Subject 4. Positions

A long position is owning or holding securities or contracts. For example, an owner of 100 shares of Apple common stock is said to be "long the stock." Being long indicates an expectation of rising share/contract prices.

A short sale allows investors to profit from a decline in a security's price if they believe the security is overpriced. In this procedure an investor (the seller) borrows shares of stock from another investor (the lender) through a broker and sells the shares. The lender keeps the proceeds of the sale as collateral. Later, the investor (the short seller) must repurchase the shares in the market in order to return the shares that were borrowed (covering the short position) to the lender. If the stock price has fallen, the shares will be repurchased at a lower price than that at which they were initially sold, and the short seller reaps a profit equal to the drop in price times the number of shares sold short.

For options, to be long means you are the buyer of the option. To be short means you are the seller of the option. Since the put option contract holder (long) has the right to sell the underlying to the option writer, he or she is actually short the underlying instrument.

The profit in short selling is limited to the value of the security but the loss is theoretically unlimited. In practice, as the price of a security rises, the short seller will receive a margin call from the broker, demanding that the short seller either cover his short position (by purchasing the security) or provide additional cash in order to meet the margin requirement for the security (which effectively places a limit on the amount that can be lost).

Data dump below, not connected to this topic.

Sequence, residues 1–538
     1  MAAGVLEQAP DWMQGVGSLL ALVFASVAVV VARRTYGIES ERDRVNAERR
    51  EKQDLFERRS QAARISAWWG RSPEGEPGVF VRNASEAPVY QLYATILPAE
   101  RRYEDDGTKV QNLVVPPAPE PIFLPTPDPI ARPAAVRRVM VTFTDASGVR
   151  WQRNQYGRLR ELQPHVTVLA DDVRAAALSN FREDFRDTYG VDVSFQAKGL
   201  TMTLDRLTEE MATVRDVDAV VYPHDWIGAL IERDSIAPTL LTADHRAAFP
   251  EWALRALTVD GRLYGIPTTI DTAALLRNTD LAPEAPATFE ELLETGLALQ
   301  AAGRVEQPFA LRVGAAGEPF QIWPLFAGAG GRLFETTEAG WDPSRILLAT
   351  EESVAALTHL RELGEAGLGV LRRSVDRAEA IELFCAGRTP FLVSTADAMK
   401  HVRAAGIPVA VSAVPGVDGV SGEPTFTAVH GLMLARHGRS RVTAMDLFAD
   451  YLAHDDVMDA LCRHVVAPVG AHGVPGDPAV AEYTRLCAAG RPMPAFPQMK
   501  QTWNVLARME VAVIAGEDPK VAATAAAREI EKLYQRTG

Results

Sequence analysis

Leveraged Positions

Margin transactions occur when investors who purchase stocks borrow part of the purchase price of the stock from their brokers and leave purchased stocks with the brokerage firm because the securities are used as collateral for the loan. The interest rate of the margin credit charged by the broker is typically 1.5% above the rate charged by the bank making the loan. The bank rate (the call money rate) is normally about 1% below the prime rate. The market value of the collateral stock minus the amount borrowed is called the investor's equity.

Investors can achieve greater upside potential, but they also expose themselves to greater downside risk. The leverage equals 1/margin%.

Buying stocks on margin increases the investment's financial risk and thus requires a higher rate of return.

  • Percentage margin. The ratio of the net worth or "equity value" of the account to the market value of the securities.

  • Maintenance margin. The required proportion of equity to the total value of the stock. It protects the broker if the stock price declines.

  • Margin call. If the percentage margin falls below the maintenance margin, the broker issues a margin call requiring the investor to add new cash or securities to the margin account. If the investor fails to provide the required funds in time, the broker will sell the collateral stock to pay off the loan.

Example

Suppose an investor initially pays $6,000 toward the purchase of $10,000 worth of stock ($100 shares at $100 per share), borrowing the remaining from the broker. The maintenance margin is set at 30%. The initial percentage margin is 60%. If the price of the stock falls to $57.14, the value of his stock will be $5,714. Since the loan is $4,000, the percentage margin now is (5,714 - 4,000) / 5714 = 29.9%. The investor will get a margin call.